A new report released by the United Nations blames the “herd” mentality of investors and poor regulation for volatile commodity prices, suggesting new global “transaction” taxes on trading and more international government involvement in controlling markets as possible solutions.
When Jason West of Vernal, Utah, tried to pay his disputed medical bill last week with 2,500 pennies, he was issued a citation for disorderly conduct. The reason for the charge was that West allegedly dumped the pennies onto the cashier's desk and asked her to count all of them. While the manner in which West delivered his payment may have been a bit extreme (placing rolled coins gently on the desk might have avoided the citation) there was an irony in his case that points to a more important principle than good manners, which are more frequently these days being enforced by the local constabulary, rather than by Emily Post. That is, had he paid the bill with federal reserve notes — backed, really, by nothing more than the promise of the federal government that the paper money has value — then he would have faced no legal problems at all.
Do we need a “Balanced Budget” Amendment? NO! A constitutionally sound, informed electorate could quickly bring about the conditions that would allow the nation to balance the federal budget and end deficit spending. Thomas Jefferson wrote: “A nation that expects to be ignorant and free … expects what never was and never will be.” The voters must come to understand that it is our responsibility to make certain our Representatives honor their oath of office and keep their actions constrained within the scope and bounds established by the Constitution (no, the Constitution does not say “from each according to his ability, to each according to his need” — that was Karl Marx).
President Barack Obama has lately been touting the government’s takeover of two of the Big Three automakers as an unqualified success. This is not surprising considering the large hand he had in it; nor is it surprising that his statements on the subject have been less than forthright.
The calamitous economic plight of the so-called “PIGS” nations of the European Union (Portugal, Ireland, Greece, and Spain) is well known to the world. Greece is in the spotlight this week, as, according to the New York Times, "[It] took the first step to raise money from the sale of government assets on Monday while a top official at the European Central Bank argued that the country was not insolvent and should not be excused from paying its debts."
In 2006 the Federal Reserve decided it was time to begin to reach out and influence middle schoolers with the party line about the Fed, and launched the Federal Reserve Kids Page. Consisting of 10 harmless-appearing questions, either in English or Spanish, the Fed’s answers gloss over, and sometimes deliberately misstate, the correct answers.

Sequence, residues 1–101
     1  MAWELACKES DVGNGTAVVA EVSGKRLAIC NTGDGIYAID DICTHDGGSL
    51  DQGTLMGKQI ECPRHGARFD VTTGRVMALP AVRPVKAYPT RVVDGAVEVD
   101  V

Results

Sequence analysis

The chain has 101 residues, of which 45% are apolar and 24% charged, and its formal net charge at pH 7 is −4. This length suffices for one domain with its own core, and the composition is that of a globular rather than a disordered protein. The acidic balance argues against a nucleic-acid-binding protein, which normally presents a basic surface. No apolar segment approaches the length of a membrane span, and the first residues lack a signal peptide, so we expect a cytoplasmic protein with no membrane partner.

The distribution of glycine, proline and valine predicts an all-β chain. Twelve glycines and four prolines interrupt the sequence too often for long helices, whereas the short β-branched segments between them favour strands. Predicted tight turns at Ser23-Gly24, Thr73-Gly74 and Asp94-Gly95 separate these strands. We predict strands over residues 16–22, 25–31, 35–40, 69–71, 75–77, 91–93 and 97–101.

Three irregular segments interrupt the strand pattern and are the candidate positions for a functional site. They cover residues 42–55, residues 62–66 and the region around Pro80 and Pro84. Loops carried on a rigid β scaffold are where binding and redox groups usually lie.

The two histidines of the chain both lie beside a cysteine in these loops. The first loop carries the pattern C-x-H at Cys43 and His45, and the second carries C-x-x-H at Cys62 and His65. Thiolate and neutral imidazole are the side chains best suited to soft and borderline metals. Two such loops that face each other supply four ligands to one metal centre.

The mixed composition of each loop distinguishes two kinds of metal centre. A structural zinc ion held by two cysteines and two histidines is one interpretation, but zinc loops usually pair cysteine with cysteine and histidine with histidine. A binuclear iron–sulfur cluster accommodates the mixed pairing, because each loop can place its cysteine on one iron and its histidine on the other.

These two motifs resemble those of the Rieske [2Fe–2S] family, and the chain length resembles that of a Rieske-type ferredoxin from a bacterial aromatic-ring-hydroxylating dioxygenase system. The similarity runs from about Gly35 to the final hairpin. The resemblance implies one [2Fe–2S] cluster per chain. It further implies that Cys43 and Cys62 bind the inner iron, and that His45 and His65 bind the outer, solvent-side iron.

The U.S. economy experienced disappointing jobs numbers in May, according to figures released June 3 by the U.S. Bureau of Labor Statistics (BLS), leaving the unemployment rate at 9.1 percent at the end of the month.
Analysts are warning that the Federal Reserve is gearing up for a third round of quantitative easing, which involves printing money and flooding the market with the inflated cash through the bond market. The Federal Reserve purchases bonds with printed money, which in turn leads to more inflation. Despite the lessons learned by the first two rounds of quantitative easing, the Federal Reserve is preparing for a third round.
Many were shocked to learn that foreign banks were the largest recipients of the Federal Reserve’s discount loan program during the height of the financial crisis. Unfortunately, providing emergency cash to foreign banks is just one “absurdity from the recession-era financial markets,” as dubbed by The Blaze. According to Bloomberg News, the Federal Reserve also handed out $80 billion in secretive loans to banks at absurdly low interest rates.
“The fact that we are here today to debate raising America’s debt limit,” said the Senator, “is a sign of leadership failure. It is a sign that the U.S. government can’t pay its own bills. It is a sign that we now depend on ongoing financial assistance from foreign countries to finance our government’s reckless fiscal policies.... Increasing America’s debt weakens us domestically and internationally. Leadership means that ‘the buck stops here.’ Instead, Washington is shifting the burden of bad choices today onto the backs of our children and grandchildren. America has a debt problem and a failure of leadership. Americans deserve better. I therefore intend to oppose the effort to increase America’s debt limit.”
Echoing the Obama administration’s characterization of the tax breaks being enjoyed by the five major oil companies (Exxon, ConocoPhillips, BP America, Shell, and Chevron) as "subsidies," the Senate tried to remove them on Tuesday, but failed.